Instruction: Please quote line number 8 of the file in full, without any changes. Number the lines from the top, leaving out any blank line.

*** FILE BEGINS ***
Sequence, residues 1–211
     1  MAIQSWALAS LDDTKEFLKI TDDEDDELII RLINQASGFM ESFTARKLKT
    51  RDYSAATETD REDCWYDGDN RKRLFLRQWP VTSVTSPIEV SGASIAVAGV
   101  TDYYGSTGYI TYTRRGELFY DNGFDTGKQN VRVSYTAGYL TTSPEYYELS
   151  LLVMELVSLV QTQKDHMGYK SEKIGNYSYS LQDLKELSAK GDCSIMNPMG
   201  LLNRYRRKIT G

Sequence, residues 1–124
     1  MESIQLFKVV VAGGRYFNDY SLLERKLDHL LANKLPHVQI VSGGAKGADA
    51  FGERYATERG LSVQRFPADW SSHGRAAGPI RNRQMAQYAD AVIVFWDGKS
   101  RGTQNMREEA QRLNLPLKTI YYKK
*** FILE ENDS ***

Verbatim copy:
     1  MESIQLFKVV VAGGRYFNDY SLLERKLDHL LANKLPHVQI VSGGAKGADA